The Sands Family Foundation Generation 3 Philanthropy Project (G3PP) recently awarded a multi-year grant to Foodlink to support its Curbside Market – a mobile farmers market that visits underserved communities across the Rochester region.
The grant supports key staffing needs for the market and will allow for the addition of a new vehicle to the Curbside Market fleet.
“The Sands Family Foundation has shown repeatedly that it truly cares about the health of our region, particularly in low-income communities where diet-related illnesses are most prevalent,” said Julia Tedesco, President & CEO of Foodlink. “The Curbside Market continues to evolve to meet the needs of Rochester-area residents seeking fresh, affordable foods – and will be critical to rebuilding community health as our area recovers from the COVID-19 pandemic.”
Launched in 2013, the Curbside Market, which primarily sells fresh fruits and vegetables, strives to make the healthy choice the easy choice for thousands of customers in the Rochester region. Although it began with one vehicle and seasonal routes in the City of Rochester, the market now operates year-round with multiple routes in Rochester, Monroe County, and five other counties in Foodlink’s service area.
“As our grandfather, Marvin, would say, ‘While we can’t save the world, we can make a difference in our community,’” said G3PP Co-Chair Lauren Sands.
Customers who use Supplemental Nutrition Assistance Program (SNAP) benefits can purchase twice as much produce through the Double Up Food Bucks incentive program. Later this year, Foodlink hopes to diversify its inventory once it is approved to sell items for another federal nutrition program, Women, Infants & Children (WIC).
This is the second grant that Sands Family Foundation G3PP has awarded to Foodlink’s Curbside Market. A prior grant in 2018-19 allowed the market to add critical staff and expand its operating hours to evenings and weekends.
“Our family is proud to support Foodlink’s efforts to meet our community’s need for fresh, affordable foods with its Curbside Market,” said G3PP Co-Chair Ashly Sands-O’Winter.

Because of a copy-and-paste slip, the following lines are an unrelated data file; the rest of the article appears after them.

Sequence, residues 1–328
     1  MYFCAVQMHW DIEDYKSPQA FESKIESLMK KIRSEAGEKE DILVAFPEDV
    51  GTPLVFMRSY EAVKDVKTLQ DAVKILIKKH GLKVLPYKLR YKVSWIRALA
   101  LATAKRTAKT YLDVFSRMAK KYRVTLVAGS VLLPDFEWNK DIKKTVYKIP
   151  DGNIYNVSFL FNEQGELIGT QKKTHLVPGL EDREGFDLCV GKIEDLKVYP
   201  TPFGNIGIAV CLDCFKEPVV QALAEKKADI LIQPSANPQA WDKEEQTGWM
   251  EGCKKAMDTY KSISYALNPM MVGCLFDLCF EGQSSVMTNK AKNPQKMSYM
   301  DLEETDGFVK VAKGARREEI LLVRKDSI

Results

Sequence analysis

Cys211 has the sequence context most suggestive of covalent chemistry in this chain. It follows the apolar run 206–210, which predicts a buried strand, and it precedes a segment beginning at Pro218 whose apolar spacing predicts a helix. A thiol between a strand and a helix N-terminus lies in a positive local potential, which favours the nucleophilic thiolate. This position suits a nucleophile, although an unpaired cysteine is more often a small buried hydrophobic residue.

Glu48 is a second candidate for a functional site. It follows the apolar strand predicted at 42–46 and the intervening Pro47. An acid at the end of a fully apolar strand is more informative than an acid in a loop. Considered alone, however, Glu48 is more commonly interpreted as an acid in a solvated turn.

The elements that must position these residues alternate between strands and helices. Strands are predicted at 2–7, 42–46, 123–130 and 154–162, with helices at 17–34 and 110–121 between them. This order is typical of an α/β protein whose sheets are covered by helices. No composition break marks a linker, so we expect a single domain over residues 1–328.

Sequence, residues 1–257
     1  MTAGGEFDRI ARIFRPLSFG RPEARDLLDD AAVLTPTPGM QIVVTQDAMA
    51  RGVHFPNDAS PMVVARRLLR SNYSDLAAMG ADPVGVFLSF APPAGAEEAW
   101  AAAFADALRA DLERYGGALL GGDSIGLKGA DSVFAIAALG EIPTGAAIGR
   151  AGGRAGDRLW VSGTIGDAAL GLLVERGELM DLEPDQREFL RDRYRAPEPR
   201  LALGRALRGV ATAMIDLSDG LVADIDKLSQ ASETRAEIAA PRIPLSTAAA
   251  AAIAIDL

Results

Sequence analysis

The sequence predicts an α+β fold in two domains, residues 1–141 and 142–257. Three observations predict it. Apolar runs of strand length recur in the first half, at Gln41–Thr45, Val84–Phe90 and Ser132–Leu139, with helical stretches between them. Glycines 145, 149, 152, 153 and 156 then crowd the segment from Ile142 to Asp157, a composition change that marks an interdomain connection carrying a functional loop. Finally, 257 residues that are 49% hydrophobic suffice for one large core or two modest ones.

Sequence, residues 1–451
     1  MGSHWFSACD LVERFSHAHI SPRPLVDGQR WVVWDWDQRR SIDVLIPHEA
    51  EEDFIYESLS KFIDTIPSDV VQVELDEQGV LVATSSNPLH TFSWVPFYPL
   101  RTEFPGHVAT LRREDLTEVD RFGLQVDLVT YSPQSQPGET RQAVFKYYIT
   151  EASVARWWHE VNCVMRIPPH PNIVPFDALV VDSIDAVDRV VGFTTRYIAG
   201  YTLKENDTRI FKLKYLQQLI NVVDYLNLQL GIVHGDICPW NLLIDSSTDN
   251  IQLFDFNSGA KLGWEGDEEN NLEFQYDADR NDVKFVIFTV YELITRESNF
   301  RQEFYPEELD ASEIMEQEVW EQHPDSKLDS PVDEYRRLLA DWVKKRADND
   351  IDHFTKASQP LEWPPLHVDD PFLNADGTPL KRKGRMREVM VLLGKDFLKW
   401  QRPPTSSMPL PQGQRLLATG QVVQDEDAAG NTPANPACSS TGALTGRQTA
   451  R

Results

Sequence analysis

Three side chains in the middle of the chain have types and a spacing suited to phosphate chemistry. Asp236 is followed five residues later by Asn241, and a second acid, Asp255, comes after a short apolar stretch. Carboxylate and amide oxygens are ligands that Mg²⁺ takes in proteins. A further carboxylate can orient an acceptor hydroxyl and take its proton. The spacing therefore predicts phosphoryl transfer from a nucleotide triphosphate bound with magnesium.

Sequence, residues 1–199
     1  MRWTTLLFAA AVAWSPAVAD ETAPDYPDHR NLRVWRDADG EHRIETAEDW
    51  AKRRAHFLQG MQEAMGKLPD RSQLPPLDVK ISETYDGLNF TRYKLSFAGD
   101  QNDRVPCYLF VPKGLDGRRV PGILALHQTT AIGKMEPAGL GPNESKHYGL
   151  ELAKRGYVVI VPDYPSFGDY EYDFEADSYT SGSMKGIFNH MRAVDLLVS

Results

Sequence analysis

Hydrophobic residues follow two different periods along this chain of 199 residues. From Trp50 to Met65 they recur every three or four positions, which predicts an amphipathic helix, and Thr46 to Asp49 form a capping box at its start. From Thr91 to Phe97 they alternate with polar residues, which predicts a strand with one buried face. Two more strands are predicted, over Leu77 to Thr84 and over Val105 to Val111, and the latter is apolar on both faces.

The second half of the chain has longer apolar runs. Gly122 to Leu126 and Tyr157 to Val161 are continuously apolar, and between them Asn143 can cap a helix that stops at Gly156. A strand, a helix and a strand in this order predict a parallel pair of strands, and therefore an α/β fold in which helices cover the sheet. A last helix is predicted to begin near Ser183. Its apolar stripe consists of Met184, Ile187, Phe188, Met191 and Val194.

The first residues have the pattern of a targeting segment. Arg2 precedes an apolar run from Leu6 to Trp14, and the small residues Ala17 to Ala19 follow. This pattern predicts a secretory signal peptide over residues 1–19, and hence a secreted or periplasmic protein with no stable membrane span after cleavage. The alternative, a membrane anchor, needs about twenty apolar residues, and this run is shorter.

Due to COVID-19, the Curbside Market temporarily had to suspend its operations in mid-March. The market reopened with a limited schedule in July, after extensive planning to ensure the safety of its customers and staff.
“We look forward to learning with our partners and customers about how to continue to best serve them – and will begin to ramp up our schedule when it is safe and appropriate to do so,” Tedesco said.
To learn more about how to support Foodlink and the Curbside Market, and view its current schedule, visit FoodlinkNY.org.
ROCHESTER – Common Ground Health, Foodlink and the City of Rochester have been selected to receive a $100,000 grant as part of the Healthiest Cities & Counties Challenge. Common Ground Health’s Healthi Kids Initiativeis working with Foodlink and the City of Rochester to implement the City’s new Comprehensive Plan, Rochester 2034, which has an emphasis on equity and healthy living. The primary focus of the grant is the creation of a food policy council. The announcement was made by Mayor Lovely Warren on August 4 at the City of Rochester Public Market.
The goal of the food policy council is to identify gaps and opportunities to expand equitable access to quality food. The team will heavily engage city residents as leaders to create a long-lasting, sustainable impact on the overall health of the community.
In addition to improving the health of the community, the work of the food policy council will strengthen the local economy, promote social justice, and nurture the beauty and sustainability of our natural environment. The group will focus on resident engagement to inform the council’s structure and initial priorities.
Common Ground Health’s Healthi Kids Initiative, Foodlink, and the City of Rochester will be hosting three Zoom meetings in August to provide more information about the food policy council and to gauge the interest from the Rochester community. The links below will take you to a Zoom meeting registration page for each date.